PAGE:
I haven't written much lately; been busy with things. I thought I'd tell a story, just to keep things interesting.
November 2003, Fish Hatchery Management class.
We were on a field trip to the Adirondack Hatchery, way up near Lake Placid. It's damn cold up there in the North Country in November. The usual thing for this field trip was camping out by the hatchery, but we were looking at single-digit temperatures, a first for the trip. There was a dorm-style facility, but they weren't permitted to let us stay there overnight because it was above a garage, and some regulation said that we could get carbon monoxide poisoning. Instead, they were willing to let us freeze to death.
We arrived at the hatchery after a five-hour drive from Cobleskill, NY. The trip started out ominously, as our rented vehicle hit a deer less than a mile away from the campus, but the vehicle was fine, and the deer leapt up and dashed off toward some woodland. Most of my classmates slept on the trip. Two of us, myself and N, had a tendency to get godawfully carsick, so I had loaded up on the Dramamine, sharing with him, and he gallantly offered me the front seat--which we both found reduced our motion sickness a great deal.
The Adirondack Hatchery spawns and grows land-locked Atlantic Salmon, big silvery beauties with a row of black X's down their sides. Salmon really like their water to be as cold as possible, so the hatchery itself was the same temperature as the air outside. In fact, the tall windows lining each side of the hatchery were fitted only with screens, which allowed air flow while keeping out insects and birds. The water in each of the circular tanks was kept solid only through kinetic energy--fast-flowing pipes dumping spring water right into the tanks, keeping that water moving. A good thing, too, as the air temperature was no more than 20ºF.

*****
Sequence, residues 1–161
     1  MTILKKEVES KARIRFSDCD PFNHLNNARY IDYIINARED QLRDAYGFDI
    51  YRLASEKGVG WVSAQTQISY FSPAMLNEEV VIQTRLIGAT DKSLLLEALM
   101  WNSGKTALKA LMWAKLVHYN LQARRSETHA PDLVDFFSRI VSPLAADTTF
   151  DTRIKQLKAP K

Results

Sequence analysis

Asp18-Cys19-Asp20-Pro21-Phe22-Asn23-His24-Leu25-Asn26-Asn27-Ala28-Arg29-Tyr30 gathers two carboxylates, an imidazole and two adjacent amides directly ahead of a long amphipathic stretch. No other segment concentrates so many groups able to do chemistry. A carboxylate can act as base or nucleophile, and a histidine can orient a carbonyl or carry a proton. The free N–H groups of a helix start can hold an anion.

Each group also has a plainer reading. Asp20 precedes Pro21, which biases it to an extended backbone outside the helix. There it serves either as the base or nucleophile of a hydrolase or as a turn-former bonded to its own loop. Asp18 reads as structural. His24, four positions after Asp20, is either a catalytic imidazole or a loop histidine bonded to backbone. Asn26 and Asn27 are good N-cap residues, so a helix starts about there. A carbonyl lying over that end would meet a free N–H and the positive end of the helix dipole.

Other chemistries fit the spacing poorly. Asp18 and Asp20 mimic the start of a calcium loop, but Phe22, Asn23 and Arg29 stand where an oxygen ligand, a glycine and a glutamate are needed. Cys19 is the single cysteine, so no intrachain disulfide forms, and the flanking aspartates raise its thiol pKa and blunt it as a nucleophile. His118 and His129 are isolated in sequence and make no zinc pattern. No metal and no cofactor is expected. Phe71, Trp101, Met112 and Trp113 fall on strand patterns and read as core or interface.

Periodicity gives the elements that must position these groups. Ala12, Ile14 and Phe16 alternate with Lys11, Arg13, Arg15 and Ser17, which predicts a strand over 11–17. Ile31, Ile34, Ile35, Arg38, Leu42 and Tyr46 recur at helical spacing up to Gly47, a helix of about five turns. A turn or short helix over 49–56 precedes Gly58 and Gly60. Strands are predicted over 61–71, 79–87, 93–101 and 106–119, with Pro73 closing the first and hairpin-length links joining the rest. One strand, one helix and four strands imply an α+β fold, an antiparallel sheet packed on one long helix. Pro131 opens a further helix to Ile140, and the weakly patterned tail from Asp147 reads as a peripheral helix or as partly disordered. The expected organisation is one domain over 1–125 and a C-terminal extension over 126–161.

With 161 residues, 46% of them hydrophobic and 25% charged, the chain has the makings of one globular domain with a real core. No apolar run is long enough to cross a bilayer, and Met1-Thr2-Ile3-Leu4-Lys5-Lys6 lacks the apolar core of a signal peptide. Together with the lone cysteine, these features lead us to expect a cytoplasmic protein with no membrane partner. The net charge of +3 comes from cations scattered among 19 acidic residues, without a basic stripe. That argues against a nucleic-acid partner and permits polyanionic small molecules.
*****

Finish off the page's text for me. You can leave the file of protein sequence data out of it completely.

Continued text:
So we walk in, and get the basic idea of the spawning process going on, and we're heaved right into the thick of it. The process basically goes like this: Net salmon out of tank, put into anesthetic bath (MS-222), take salmon out of anesthetic bath after it's knocked out, squeeze the eggs out into a container (this takes practice; I'm not too shabby at it), put fish back into tank, in a separate section, so you don't grab the same fish twice. While this is going on, which takes about three people, someone else occasionally takes the eggs, mixes them with milt stripped from fish trapped out of the lake, and lets them fertilize before taking them off to the incubator room.
This whole process is very wet, obviously, and when it's already freezing cold out, your hands turn into claws of ice and agony. We were all well-clothed in long underwear, warm clothing, and rainsuits (rain suits keep the water OUTSIDE your clothing), but that didn't help our chilly faces or frozen hands much, and it wasn't long before we were all just chilled to the bone.
That night, we made dinner in the dorm area, had a party and warmed up, and then got permission from the hatchery manager to stay in the visitor's center! Now, that would have been really great, but he turned OFF the heat in the center so we wouldn't "roll up against a heater and burn" ourselves. The center was bitter cold, because they had a display pond of salmon, which was kept freshened by a constant flow of chilly water. I found out that night that my sleeping bag, rated for 0ºC, was indeed enough to keep me warm, even in 15ºF conditions.
The next day, we went out to the lake, where a boat brought in salmon that had been trapped on the lake. We stood on a dock and took turns stripping eggs and milt from the trapped salmon. All of the milt used to fertilize the eggs, even inside the hatchery building, were from trapped males. On the dock, we were unprotected from the chill wind, and there wasn't enough shivering, foot stomping, and running in place to keep us from becoming agonizingly cold.
At this point in my life, I had not developed fibromyalgia. I had, however, already developed arthritis in my hands, wrists, right shoulder, and ankles, especially the right one. By the time we were done with this field trip, I was in more pain than I probably had ever been. I do like to tell people that, after this experience, I will probably never be truly cold again in my life--but I have no desire to work at a salmonid hatchery, EVER, because they are such painfully cold places.